The Earth began to cool,
    The autotrophs began to drool,
    Neanderthals developed tools,
    We built a wall (we built the pyramids),
    Math, science, history, unraveling the mysteries,
    That all started with the big bang!

    Still the best TV theme song in TV history and way cool to boot


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  • Curious Wavefunction

    The Big Bang Theory is the only thing I watch on TV. It’s the only time my TV is switched on.

  • coolstar

    Well, BBT has grown on me, possibly bc the show has itself grown. While occasional scenes are unwatchable for me, they are more than made up for by the ones that are just laugh out loud funny. Having Summer Glau and Wil Wheaton play themselves on episodes was a stroke of genius.

  • Arun

    “Shows like this humanize science, and who knows what ten-year-old kid will see an episode and start thinking that physics is a career to which real people can actually aspire.”

    I am so sorry but I feel this is a silly opinion. Big Bang Theory has resulted in making normal people stop talking science without being labelled as boring. I mean, we friends used to visit pubs, and make grand discussions, etc, not in the boring way BBT makes it out to be, but in a really cool way. But it aint cool any more. The way Sheldon rolls out “boring” facts has made making a casual, yet an interesting observation about something scientific (simple things like why we have seasons), “uncool”. Only Penny is cool; others are so boring. Yes, I agree that the characters in BBT are boring, but Science is not! But BBT has resulted in making people feel that Science is boring, only talks of “sexiest man alive” and discussions about characters in sitcoms are cool and fit for “conversation”. But in fact everything is cool, and its all up to different people decide what is cool for them. “People love these characters” – oh yea, somebody love science and yearns to be a Raj or Sheldon after watching BBT? And Sheldon, he is an aspy, its not his fault, but the show makes out as though its his character fault, he is selfish, impolite etc. Laughing at him is actually impolite. And there are so many brilliant scientists and engineers in India who dont do frequent dates (thanks to the culture), yet is cool in their own way. There is not a single cool scientist in BBT. In my opinion BBT gives a view that – ok you can do science in the labs, but the moment you come out of it, talk like Penny and be cool.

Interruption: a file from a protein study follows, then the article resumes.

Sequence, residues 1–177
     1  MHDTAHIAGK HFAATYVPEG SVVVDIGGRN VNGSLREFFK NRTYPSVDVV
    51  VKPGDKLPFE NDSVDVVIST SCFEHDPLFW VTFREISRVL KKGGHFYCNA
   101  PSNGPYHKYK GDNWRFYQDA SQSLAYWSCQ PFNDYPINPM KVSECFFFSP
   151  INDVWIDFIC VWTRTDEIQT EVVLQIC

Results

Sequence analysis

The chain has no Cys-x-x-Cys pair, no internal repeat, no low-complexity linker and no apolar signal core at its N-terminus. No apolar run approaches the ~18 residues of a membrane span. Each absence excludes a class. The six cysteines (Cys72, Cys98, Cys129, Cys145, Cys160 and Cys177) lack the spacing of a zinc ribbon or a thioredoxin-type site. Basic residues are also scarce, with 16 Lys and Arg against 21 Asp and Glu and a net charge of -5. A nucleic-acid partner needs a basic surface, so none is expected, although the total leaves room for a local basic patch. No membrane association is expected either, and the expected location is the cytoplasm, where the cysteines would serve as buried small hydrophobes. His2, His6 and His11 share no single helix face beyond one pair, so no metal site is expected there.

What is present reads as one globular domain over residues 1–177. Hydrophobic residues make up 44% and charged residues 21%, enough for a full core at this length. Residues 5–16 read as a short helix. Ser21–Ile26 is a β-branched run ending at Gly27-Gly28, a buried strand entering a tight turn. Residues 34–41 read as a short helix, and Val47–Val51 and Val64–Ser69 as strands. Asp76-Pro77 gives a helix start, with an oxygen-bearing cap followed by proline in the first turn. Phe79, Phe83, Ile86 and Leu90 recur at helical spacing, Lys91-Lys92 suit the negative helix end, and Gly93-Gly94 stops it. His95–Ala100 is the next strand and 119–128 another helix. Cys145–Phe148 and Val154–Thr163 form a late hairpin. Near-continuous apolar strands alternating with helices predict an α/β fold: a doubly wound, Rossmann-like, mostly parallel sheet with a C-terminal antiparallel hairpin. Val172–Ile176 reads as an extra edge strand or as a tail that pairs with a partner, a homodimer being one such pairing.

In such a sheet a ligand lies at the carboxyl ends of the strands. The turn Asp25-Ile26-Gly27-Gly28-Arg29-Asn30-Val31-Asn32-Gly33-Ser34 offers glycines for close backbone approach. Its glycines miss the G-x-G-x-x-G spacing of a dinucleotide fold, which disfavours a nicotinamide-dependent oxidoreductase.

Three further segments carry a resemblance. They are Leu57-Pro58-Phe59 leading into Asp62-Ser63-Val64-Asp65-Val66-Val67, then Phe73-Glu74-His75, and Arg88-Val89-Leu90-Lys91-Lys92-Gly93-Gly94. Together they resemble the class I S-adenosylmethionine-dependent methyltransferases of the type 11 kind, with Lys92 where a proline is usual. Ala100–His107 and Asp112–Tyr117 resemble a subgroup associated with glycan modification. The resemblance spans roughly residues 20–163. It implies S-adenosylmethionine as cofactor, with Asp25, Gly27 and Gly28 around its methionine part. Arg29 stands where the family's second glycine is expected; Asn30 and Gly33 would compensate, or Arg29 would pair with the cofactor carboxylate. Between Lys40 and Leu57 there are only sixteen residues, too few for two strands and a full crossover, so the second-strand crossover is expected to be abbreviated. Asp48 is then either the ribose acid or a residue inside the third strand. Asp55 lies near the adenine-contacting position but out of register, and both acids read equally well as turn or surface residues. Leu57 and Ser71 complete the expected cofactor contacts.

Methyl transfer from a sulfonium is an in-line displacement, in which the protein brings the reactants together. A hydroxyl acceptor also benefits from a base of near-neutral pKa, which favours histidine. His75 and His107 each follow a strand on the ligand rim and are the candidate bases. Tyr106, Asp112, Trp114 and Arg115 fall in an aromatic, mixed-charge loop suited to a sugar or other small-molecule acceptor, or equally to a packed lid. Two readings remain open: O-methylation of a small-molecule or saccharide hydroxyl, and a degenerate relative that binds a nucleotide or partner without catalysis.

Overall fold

To paraphrase Feynman’s response to a lady who thought that he’s a cool physicist due to his “extra curricular” activities (like Samba, or drumming, or so many other things), unlike the usual, boring scientists – “I take offence at his complement of yours. I consider scientific pursuit as the highest form of human intelligence, and is not boring by any means”.

    I love BBT, but I differ on the impact it causes to Science. I also feel bad that people like Sean, who are at the top of research hierarchy, being at Caltech and working in theoretical physics, can make such silly observations.

    Sorry about the harsh opinion.


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  • Calista and Allie

    If the author had done more research on the show he would have realized that the four male scientists work alongside female scientists as well. The fact that the female scientists are not shown on the show often does not mean that they are less important to the research facility; they are simply on different teams than the main characters. The one female main character is not on the show to undermine female scientists because she herself on the show isn’t a scientist she is just a friend of the male scientists. The author was jumping to conclusions when stating that the show is sexist towards women’s intelligence.


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About Sean Carroll

Sean Carroll is a Senior Research Associate in the Department of Physics at the California Institute of Technology. His research interests include theoretical aspects of cosmology, field theory, and gravitation. His most recent book is The Particle at the End of the Universe, about the Large Hadron Collider and the search for the Higgs boson. Here are some of his favorite blog posts, home page, and email: carroll [at] .